Food for the Hungry Logo Barrier Analysis: A Tool for Improving Behavior Change Communication in Child Survival and Community Development Programs
 
Background Information
 
What is Barrier Analysis
 
How to Conduct Barrier Analysis
1.
Defining the goal, behavior & target group
2.
Developing the behavior question
3.
Developing questions about determinants
4.
Organizing the analysis sessions
5.
Collecting field data
6.
Organizing and analyzing results
7.
Using the results
 

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  Defining the Goal, Behavior & Target Group

The first step in conducting Barrier Analysis is to define the goal of your communication effort, the specific behavior(s) you want to change, and the target groups. Since we want to draw comparisons between Doers and Non-Doers, for any problem that you will be addressing through your community health or development program, you will have to first define exactly what you hope to achieve and the behaviors that are useful for achieving your goal. Then you need to clarify what constitutes “doing” and “not doing” the behavior.

The goal is usually general. For example, your goal may be to improve child nutrition. What other goals do you have in your programs?

Once you have selected the goal, you need to decide on the behavior that will be the focus of your analysis. When Barrier Analysis is used in an ongoing program, we often focus on a behavior that has not changed very much despite repeated efforts. For example, let’s say that you had focused on exclusive breastfeeding in a project area where the HIV rate was high, but only 15% of mothers of children under six months of age exclusively breastfeed their infants, even after four years of hard work to change it. (You would know this, for example, by doing a knowledge, practice, and coverage [KPC] survey.) We also may focus on behaviors that have been identified by the community as particularly important.

Your target behavior (in that example) is exclusive breastfeeding of children under six months of age. Your target group becomes mothers of children under six months of age.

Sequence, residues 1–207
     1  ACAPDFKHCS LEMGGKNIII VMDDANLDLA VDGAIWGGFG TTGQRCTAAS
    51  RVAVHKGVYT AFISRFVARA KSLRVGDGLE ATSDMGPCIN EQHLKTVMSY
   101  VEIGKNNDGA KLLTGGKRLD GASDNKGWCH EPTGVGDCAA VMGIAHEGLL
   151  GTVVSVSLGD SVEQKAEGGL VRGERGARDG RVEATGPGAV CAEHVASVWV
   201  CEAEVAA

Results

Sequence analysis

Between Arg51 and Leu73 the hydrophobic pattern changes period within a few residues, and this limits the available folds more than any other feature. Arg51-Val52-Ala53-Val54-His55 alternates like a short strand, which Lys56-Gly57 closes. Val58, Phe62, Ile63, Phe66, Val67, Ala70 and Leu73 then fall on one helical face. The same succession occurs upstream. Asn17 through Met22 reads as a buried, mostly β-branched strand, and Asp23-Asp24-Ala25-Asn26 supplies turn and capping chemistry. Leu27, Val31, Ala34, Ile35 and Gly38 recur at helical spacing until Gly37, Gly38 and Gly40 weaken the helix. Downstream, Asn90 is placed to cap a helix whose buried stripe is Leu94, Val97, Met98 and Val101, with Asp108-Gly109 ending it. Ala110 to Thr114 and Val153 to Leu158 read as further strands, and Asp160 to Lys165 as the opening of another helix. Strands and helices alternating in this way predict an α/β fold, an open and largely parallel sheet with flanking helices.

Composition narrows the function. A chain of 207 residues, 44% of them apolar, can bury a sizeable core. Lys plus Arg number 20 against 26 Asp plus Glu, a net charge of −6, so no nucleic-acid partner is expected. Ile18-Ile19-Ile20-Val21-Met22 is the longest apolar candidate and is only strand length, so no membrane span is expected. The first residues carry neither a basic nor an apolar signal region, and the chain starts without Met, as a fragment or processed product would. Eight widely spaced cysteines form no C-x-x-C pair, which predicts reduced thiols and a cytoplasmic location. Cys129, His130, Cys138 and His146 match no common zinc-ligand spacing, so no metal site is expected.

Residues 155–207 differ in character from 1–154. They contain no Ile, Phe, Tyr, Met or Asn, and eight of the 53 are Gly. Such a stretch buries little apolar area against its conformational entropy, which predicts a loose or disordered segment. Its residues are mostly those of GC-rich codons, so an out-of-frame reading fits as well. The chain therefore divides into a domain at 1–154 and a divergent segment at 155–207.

We will talk about analyzing one behavior, but in reality once your people are trained in the methodology, you will often have one small group of staff members analyzing one behavior, and others analyzing another at the same time so that several behaviors can be analyzed simultaneously.

Identifying specific behaviors
It’s important that you know how to first identify then develop specific behaviors that you will promote in a project area. For each behavior listed, select whether you think the behavior is specific or not specific.

Use good hygiene. Specific
Not Specific
Wash your hands with soap and water before you prepare food. Specific
Not Specific
Take care of your child when he/she has diarrhea. Specific
Not Specific
Breastfeeding. Specific
Not Specific
Give your child ORS whenever he/she has diarrhea. Specific
Not Specific
Give your child nutritious foods. Specific
Not Specific
Give your child foods like mangoes and carrots that are rich in vitamin A. Specific
Not Specific
It is important for everyone to live in such a way as to avoid HIV. Specific
Not Specific
Be sexually abstinent before you are married to avoid AIDS. Specific
Not Specific

Let’s now return to our example of exclusive breastfeeding of children under six months of age and consider how to develop the behavior question.

Next (Developing the Behavior Question)


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© November 2004

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